Kevin’s Meningitis Story

There were just the four of us, Kevin, my husband of 22 years, a well-respected deputy head, Geography teacher and wonderful husband and father.

Meningitis Stories

My meningitis story begins on January 1st 2000. We’d had a wonderful family Christmas. There were just the four of us, Kevin, my husband of 22 years, a well-respected deputy head, Geography teacher and wonderful husband and father, Claire, 18, had just completed her first term at Hull University studying Geography, and Laura, 16, a pupil at her father’s school was a few months away from her GCSEs, and lastly me, a Head of Sixth Form at another Leeds High School and also a geographer. We were a close and loving family who enjoyed doing things together and making each other laugh.

That first morning of the new Millennium we awoke full of hope for the future. Kevin and I went walking on Ilkley Moor and we discussed the girls and what we might do once they had both flown the nest; a trip to Australia, plans to develop our rather large garden and when we might think to retire. How could we have known that a week later all that would be irrelevant.

Kevin, Laura, and I returned to school. We didn’t feel very well but Claire had been poorly over the holiday; in fact at one stage I thought she might have meningitis and did the glass test as she appeared to have a rash. The rash disappeared and we heaved a sigh of relief. It seemed she had flu. On the Thursday afternoon my Headteacher sent me home. I felt terrible, aching all over and could barely talk. I had only been home an hour or so when Kevin arrived. He too had been sent home. He was one of those teachers who never took a day off, so I was surprised to say the least. We watched the news, the very high numbers of people with flu was one of the main items, together with the fact that there were only two intensive care beds left in the country that night. I remember we commented how awful that must be if you needed one.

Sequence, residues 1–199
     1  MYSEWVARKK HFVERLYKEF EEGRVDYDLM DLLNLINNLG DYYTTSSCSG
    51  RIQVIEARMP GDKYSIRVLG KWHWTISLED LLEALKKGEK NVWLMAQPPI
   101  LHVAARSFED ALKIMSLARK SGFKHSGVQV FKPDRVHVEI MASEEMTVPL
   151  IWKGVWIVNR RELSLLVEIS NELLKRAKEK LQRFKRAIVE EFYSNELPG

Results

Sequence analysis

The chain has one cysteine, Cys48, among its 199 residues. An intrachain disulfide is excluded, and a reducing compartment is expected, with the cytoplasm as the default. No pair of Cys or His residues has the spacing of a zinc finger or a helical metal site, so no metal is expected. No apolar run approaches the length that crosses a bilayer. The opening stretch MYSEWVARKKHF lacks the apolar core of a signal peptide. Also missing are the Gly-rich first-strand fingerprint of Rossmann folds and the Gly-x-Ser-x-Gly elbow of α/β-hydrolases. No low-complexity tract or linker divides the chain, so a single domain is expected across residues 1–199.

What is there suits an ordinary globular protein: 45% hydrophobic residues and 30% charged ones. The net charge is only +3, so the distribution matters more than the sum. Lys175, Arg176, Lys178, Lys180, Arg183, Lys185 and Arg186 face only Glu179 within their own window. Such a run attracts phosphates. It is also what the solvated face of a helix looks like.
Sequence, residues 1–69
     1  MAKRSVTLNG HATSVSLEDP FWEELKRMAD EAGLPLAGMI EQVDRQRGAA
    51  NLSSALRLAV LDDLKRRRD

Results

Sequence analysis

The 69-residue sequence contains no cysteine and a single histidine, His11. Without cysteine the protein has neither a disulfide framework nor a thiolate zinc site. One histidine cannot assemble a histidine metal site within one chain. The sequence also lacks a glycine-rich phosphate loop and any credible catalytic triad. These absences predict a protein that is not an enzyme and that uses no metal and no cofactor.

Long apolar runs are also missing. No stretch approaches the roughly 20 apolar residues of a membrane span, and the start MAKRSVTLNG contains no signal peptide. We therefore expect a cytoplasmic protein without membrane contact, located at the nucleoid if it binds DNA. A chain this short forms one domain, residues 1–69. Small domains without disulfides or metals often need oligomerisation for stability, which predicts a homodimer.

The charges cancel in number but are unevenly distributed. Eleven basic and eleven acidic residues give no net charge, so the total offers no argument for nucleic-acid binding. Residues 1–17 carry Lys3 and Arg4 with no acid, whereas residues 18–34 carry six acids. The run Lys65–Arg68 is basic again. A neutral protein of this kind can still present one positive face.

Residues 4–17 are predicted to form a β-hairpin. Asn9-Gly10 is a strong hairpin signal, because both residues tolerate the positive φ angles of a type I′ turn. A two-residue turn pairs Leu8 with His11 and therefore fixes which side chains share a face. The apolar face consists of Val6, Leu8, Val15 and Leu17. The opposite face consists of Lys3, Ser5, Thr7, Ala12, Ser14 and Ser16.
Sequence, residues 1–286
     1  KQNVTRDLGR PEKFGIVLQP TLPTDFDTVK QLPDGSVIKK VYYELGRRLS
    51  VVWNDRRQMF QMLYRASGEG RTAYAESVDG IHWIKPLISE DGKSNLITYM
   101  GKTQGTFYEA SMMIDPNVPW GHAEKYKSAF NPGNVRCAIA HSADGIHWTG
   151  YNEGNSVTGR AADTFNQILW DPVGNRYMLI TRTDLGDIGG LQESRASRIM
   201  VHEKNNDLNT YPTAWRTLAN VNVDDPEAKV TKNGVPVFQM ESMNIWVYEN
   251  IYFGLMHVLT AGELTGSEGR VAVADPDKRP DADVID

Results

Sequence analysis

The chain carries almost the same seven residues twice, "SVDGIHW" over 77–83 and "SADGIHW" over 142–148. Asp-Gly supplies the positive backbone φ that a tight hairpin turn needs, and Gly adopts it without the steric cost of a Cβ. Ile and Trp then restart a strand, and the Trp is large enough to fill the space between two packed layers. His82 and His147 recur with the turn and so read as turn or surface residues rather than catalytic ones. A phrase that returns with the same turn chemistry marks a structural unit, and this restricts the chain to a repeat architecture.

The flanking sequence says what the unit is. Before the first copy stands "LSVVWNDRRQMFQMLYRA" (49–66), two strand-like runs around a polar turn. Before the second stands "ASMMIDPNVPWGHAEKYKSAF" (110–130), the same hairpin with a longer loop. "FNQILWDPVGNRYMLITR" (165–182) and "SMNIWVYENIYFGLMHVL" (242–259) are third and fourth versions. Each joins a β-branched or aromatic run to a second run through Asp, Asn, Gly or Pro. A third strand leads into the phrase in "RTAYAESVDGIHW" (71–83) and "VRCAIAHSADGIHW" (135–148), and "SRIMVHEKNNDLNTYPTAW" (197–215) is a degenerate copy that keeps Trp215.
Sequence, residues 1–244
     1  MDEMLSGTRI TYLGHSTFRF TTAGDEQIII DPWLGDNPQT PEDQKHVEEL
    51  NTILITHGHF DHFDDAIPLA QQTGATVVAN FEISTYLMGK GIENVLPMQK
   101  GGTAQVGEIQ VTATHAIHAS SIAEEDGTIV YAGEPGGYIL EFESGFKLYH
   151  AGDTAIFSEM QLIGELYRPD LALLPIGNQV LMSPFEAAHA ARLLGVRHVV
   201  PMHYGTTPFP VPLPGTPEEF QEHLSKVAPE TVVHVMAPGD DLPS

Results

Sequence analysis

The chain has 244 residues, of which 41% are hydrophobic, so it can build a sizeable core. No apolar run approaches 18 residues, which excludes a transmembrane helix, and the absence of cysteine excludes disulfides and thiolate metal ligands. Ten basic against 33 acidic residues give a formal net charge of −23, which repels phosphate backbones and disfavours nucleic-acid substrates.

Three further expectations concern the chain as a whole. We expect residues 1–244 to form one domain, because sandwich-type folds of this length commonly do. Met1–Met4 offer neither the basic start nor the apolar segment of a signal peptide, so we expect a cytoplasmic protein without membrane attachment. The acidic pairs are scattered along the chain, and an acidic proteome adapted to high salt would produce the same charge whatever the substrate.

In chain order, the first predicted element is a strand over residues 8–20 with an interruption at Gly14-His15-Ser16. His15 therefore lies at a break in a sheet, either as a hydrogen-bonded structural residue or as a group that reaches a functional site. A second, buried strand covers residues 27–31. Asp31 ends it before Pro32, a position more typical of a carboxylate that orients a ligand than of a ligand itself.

We went to bed. Hours later we both had high temperatures and were tossing and turning. Kevin took a Beecham’s Powder, it had always been his remedy for all ills. By 5am neither of us had slept so I went downstairs to try and get a few hours sleep. At one stage I was vaguely aware of a loud noise but put it down to builders working nearby.

I went to check on Kevin just before 8am. He had telephoned the doctor as he had collapsed earlier and knocked himself unconscious. I saw blood on his face and went to get warm water and cotton wool to bathe it. It wouldn’t come off, so I surmised it must just be a bruise from the fall. I have asked myself so many times why I didn’t do the glass test.

Laura asked her father to sign a permission slip for a school trip and left for school. The doctor hadn’t arrived – I phoned again. By this time Kevin was complaining of the worst stomach ache he had ever experienced. Still no doctor, so another phone call was made. He finally arrived, gave Kevin an injection saying he had an allergic reaction to a drug despite being told he had only taken a Beecham’s powder. The GP said he would call an ambulance when he returned to the surgery. Later Claire would be frantic running up and down the road looking for it.